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Abstract and Applied Analysis
Volume 2014, Article ID 357534, 9 pages
http://dx.doi.org/10.1155/2014/357534
Research Article

Periodic Solutions of a Stage-Structured Plant-Hare Model with Toxin-Determined Functional Responses

1Department of Mathematics, Zhejiang Normal University, Jinhua, Zhejiang 321004, China
2School of Electrical and Electronic Engineering, Nanyang Technological University, Singapore 639798

Received 8 April 2014; Revised 25 April 2014; Accepted 26 April 2014; Published 8 May 2014

Academic Editor: Tonghua Zhang

Copyright © 2014 Huicheng Wang et al. This is an open access article distributed under the Creative Commons Attribution License, which permits unrestricted use, distribution, and reproduction in any medium, provided the original work is properly cited.

Abstract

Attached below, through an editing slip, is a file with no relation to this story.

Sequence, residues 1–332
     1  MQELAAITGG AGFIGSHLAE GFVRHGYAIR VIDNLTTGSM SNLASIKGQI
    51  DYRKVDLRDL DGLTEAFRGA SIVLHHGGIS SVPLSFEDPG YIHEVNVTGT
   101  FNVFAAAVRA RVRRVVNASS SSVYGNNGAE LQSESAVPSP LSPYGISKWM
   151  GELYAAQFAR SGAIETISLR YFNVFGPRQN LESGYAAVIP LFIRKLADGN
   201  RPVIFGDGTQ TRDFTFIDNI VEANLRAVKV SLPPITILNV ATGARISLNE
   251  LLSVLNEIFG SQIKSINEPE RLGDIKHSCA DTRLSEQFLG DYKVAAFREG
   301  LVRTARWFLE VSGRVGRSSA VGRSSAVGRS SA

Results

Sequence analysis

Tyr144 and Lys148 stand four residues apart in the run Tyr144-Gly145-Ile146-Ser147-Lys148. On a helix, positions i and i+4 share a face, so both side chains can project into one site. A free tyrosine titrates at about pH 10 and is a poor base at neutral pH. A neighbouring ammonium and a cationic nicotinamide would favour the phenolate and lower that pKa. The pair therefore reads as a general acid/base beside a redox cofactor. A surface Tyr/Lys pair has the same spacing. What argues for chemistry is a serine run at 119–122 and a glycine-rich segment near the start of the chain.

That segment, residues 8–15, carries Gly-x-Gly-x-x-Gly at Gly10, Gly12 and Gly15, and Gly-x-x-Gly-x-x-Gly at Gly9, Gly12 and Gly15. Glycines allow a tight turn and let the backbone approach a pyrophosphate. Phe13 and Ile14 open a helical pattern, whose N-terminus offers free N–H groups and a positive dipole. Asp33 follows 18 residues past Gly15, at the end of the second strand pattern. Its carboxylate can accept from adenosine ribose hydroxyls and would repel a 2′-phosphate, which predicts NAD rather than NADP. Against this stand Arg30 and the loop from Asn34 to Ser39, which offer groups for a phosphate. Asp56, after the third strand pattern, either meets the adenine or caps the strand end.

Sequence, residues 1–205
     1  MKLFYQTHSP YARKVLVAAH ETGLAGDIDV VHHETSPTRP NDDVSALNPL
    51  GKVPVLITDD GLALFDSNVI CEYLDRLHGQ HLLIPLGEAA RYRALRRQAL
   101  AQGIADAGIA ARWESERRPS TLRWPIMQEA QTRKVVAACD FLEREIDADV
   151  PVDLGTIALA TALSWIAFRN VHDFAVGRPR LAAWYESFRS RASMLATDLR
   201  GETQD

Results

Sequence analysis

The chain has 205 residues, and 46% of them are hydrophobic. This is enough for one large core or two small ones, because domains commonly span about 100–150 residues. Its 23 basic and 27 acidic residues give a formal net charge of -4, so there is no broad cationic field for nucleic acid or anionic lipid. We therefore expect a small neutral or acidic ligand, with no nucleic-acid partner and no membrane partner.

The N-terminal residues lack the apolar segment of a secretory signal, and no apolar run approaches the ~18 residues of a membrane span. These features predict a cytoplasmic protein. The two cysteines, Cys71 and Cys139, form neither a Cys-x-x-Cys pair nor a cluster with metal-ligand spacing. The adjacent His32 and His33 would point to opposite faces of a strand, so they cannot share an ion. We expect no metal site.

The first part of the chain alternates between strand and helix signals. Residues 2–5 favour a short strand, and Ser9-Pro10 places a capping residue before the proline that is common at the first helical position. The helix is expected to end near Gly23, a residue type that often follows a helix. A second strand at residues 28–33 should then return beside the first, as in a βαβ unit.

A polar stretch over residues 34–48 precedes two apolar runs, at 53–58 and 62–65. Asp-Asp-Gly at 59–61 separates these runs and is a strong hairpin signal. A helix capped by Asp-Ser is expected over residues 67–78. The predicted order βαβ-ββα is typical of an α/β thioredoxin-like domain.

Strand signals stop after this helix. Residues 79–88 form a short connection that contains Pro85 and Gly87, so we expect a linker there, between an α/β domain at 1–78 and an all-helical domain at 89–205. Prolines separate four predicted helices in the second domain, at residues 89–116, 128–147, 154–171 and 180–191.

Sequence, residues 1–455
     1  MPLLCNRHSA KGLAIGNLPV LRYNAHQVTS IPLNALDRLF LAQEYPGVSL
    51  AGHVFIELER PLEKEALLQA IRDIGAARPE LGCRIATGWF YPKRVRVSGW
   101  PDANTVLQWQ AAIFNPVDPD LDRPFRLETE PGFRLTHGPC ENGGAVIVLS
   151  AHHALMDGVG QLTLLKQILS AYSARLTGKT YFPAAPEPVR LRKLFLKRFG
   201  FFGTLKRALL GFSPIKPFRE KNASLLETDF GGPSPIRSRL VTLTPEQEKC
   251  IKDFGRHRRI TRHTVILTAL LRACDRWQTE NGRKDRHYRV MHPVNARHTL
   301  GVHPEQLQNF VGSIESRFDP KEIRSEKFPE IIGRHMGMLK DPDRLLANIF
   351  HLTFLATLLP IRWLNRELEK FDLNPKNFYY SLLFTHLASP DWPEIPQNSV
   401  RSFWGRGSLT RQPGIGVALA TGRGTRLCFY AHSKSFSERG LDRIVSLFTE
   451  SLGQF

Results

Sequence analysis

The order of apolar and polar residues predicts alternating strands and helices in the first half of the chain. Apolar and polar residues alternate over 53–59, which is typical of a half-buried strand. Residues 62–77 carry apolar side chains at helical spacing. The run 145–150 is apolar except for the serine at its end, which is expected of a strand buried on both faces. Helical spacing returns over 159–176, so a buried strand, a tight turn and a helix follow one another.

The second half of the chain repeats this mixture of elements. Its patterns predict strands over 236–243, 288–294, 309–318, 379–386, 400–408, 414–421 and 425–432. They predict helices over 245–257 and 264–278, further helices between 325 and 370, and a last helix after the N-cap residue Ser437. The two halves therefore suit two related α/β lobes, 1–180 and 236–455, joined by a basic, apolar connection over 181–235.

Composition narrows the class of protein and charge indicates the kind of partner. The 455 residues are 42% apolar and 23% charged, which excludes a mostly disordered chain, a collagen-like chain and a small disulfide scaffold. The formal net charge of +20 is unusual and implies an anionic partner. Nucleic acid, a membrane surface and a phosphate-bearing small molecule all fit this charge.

The purpose of this paper is to obtain some sufficient conditions for the global existence of multiple positive periodic solutions of a delayed stage-structured plant-hare model with a toxin-determined functional response. Some novel estimation techniques to construct two open subsets for a priori bounds are employed.

1. Introduction

A lot of classical predator-prey models have been well studied (e.g., see [112]). Recently, Gao et al. [13] considered a nonautonomous plant-hare dynamical system with a toxin-determined functional response given by where denotes the density of plant at time and denotes the herbivore biomass at time .